Learning to Love
Doctrine and Covenants

Section 113: Book of Isaiah By Michael J. Preece

Section 113: Book of Isaiah

The Church’s many troubles in Kirtland have been previously discussed above. Joseph had been seriously ill during the summer of 1837, and he was gone from Ohio much of the remainder of the year on a mission to Canada and a trip to establish sites for stakes at Far West. By the time Joseph returned to Kirtland in December 1837, the spirit of apostasy and persecution had grown so strong that the lives of church leaders were in peril. Many of the faithful leadership had already moved to Far West. Brigham Young was forced to leave Kirtland on December 22, having infuriated the mob by his unfailing public support of the prophet Joseph. Finally, on January 12, 1837, the Lord warned Joseph to leave Kirtland as soon as possible to save his own life. The Lord also warned Joseph to counsel the remaining saints to leave (Jesee, Papers of Joseph Smith, 2:255). Joseph left that very night and eventually arrived with his family at Far West on March 14, 1838, after a hard winter journey. Although the last large group of faithful saints did not leave Kirtland for Missouri until July 6, 1838, and faithful saints from the East and from Europe continued to gather to Kirtland until the 1840s, the Ohio period of church history had essentially come to an end. The headquarters of the Church and the designated gathering place for the saints was now the city of Far West in Caldwell County, Missouri.

Between 1836 and 1838, at the request of non-Latter-day Saints in Missouri, the saints in Missouri had largely moved from Clay County and other places to Caldwell County, which had been created primarily as a place of settlement for them. By the winter of 1838, the city of Far West was thriving and thousands of saints had settled on tens of thousands of acres of land they had purchased, cleared, and improved. A temple site in Far West had been dedicated in order that the blessings of heaven might continue to be poured out upon the saints.

Even in Far West there was strife within the Church, partially in reaction to the troubles in Kirtland. Shortly before Joseph Smith and Sidney Rigdon arrived in Far West in March 1838 (they arrived March 14, 1838), the Church in Missouri had rejected the leadership of David Whitmer, W. W. Phelps, and John Whitmer (February 5-9, 1838), and the latter two men had been excommunicated. Shortly thereafter on April 12 and 13 repectively, Oliver Cowdery and David Whitmer were also excommunicated.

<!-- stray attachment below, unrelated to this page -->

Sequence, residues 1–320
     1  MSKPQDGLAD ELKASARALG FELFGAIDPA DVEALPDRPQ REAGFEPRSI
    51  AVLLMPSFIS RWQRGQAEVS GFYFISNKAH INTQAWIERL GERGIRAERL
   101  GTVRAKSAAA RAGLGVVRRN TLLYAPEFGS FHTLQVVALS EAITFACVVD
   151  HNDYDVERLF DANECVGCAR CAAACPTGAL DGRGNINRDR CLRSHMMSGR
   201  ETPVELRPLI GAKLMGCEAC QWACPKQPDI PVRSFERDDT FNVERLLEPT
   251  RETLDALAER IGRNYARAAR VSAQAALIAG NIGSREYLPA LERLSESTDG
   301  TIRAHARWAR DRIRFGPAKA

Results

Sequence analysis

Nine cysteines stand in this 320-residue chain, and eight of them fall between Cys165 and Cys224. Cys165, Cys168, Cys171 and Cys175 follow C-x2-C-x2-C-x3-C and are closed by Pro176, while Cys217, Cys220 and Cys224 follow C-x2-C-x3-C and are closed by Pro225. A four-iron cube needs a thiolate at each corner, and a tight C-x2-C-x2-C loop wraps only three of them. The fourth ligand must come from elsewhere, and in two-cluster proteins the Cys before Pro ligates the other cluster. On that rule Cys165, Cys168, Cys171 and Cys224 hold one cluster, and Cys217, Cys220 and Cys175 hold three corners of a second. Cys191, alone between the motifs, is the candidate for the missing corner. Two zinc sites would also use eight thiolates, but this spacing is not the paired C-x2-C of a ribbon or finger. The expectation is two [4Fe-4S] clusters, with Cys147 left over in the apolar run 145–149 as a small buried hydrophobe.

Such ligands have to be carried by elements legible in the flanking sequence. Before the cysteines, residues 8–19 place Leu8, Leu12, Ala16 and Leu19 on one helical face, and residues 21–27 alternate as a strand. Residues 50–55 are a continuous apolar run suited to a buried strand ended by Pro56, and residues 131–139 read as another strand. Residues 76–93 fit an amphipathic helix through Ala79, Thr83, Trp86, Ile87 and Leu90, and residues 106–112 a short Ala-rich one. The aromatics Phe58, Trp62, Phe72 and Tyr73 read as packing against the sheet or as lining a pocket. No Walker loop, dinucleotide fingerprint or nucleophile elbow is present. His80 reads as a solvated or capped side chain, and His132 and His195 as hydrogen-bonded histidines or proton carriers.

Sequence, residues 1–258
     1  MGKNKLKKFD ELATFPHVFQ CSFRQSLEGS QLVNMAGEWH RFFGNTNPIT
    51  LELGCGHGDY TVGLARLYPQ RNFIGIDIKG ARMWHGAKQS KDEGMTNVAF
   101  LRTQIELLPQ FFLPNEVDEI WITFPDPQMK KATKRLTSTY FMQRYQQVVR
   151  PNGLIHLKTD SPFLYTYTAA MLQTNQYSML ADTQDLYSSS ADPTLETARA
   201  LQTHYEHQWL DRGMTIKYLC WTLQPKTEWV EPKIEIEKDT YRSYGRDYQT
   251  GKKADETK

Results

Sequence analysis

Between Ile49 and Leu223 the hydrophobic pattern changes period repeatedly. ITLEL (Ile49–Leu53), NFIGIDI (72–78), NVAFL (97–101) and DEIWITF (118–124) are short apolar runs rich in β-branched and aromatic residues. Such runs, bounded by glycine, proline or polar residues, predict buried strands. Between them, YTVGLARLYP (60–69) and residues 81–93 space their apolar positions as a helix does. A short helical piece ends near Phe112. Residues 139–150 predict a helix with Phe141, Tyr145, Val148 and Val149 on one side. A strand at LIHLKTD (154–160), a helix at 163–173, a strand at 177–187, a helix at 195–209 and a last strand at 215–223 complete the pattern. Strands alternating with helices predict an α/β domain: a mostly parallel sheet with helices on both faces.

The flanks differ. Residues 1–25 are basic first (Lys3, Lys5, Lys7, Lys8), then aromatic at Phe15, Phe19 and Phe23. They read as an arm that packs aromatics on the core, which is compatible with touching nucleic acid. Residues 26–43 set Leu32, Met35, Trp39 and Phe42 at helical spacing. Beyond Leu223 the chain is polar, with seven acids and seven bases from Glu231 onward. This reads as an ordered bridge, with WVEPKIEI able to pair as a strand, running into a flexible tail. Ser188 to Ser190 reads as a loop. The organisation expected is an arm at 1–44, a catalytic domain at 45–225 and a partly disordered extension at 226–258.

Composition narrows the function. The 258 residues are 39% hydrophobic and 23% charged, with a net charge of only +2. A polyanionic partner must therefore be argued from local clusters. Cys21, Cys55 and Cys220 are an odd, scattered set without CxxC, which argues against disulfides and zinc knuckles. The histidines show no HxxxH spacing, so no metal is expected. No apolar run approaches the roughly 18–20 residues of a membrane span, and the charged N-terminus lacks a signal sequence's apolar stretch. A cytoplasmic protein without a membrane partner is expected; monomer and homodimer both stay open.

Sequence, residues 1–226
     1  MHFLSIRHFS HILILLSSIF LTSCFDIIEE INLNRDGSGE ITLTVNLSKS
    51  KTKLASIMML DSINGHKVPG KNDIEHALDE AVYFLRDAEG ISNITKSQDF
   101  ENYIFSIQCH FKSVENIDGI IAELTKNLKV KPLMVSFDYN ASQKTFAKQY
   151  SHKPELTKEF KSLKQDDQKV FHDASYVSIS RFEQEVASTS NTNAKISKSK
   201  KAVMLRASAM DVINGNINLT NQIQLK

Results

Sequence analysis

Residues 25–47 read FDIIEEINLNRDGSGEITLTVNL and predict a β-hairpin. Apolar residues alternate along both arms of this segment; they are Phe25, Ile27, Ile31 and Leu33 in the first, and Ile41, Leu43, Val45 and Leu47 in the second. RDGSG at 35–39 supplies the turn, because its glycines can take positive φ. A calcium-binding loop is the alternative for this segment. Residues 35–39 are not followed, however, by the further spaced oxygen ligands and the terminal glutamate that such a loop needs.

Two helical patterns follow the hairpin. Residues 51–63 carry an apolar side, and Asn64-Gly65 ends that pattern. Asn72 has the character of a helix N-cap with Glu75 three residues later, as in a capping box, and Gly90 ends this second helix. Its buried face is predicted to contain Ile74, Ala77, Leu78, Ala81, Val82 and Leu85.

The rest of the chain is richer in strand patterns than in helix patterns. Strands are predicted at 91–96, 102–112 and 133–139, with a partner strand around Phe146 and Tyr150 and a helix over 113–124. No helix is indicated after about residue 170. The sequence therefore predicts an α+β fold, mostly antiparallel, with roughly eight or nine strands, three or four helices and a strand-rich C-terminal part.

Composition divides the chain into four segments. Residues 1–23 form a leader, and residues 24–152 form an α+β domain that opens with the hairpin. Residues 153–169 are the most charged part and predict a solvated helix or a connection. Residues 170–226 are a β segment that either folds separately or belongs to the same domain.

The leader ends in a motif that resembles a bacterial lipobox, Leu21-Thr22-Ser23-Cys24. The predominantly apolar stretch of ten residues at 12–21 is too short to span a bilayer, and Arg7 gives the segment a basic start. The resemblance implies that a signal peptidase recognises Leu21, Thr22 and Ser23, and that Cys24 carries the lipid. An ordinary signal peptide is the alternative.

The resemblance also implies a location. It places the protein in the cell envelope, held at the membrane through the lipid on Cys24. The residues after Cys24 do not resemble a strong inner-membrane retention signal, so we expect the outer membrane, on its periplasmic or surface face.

In mid April 1838, a month after his arrival in Missouri, Joseph began keeping a record book for the First Presidency known as the Scriptory Book of Joseph Smith (Cannon and Cook, Far West Record, 159; Cook, Revelations, 224-25; the text of this record can be found in Jessee, Papers of Joseph Smith, 2:211-316). Sometime between March 16 and March 29, under circumstances that are unknown, Joseph posed several questions concerning passages in Isaiah 11 and 52. The answers to these questions were recorded at Far West in the Scriptory Book of Joseph Smith sometime in April 1838 in the handwriting of George W. Robinson, the First Presidency clerk at that time. Another copy, in the handwriting of Willard Richards and dating from before the death of Joseph Smith, is also found in the Manuscript History of the Church. This copy dates the revelation as March 1838 (Woodford, “Historical Development,” 2:1495-96). Because the answers provided by Joseph Smith to these questions clearly indicate that they were received by revelation, Brigham Young later directed that they be added to the 1876 edition of the Doctrine and Covenants.

The question-and-answer format of this revelation is similar to that of section 77, with which section 113 shares other similarities, including the use of “figurative expressions” (D&C 77:2) common to apocalyptic imagery. As in section 77, the questioner in section 113:1-6 is unidentified, but since the answers are recorded as revelation to the prophet Joseph, he probably posed the questions to the Lord in both sections. It may be recalled that Isaiah 11 was part of the angel Moroni’s first message to the young Joseph Smith (JS-H 1:40), and it is therefore understandable that this chapter and its meaning would continue to be of special interest to the Prophet.

Section 113 is one of three sections in the Doctrine and Covenants that deal with scripture interpretation. The other two are sections 74 (1 Corinthians 7:14) and 77 (book of Revelation).

Acknowledgment is given to Kent P. Jackson and his essay “Revelations Concerning Isaiah” found in Studies in Scripture, Volume One, The Doctrine and Covenants, 330-34. We will draw upon material in that essay for the following analysis.

Scripture Mastery

D&C 113 The Book of Isaiah

1 Who is the stem of Jesse spoken of in the 1st, 2d, 3d, 4th, and 5th verses of the 11th chapter of Isaiah?

2 Verily thus saith the Lord: It is Christ.

verses 1-2 Isaiah 11 is a prophecy concerning these latter days and deals not only with the period of restoration in which we now live but also with the period of the Millennium. When the angel Moroni first appeared to the boy Joseph Smith, he quoted Isaiah 11, informing Joseph that it was about to be fulfilled (JS-H 1:40). This is a further indication that Isaiah was writing in chapter 11 about the latter days. In the 11th chapter of Isaiah, Isaiah speaks of an individual called the “stem of Jesse” who will judge the inhabitants of the earth in righteousness.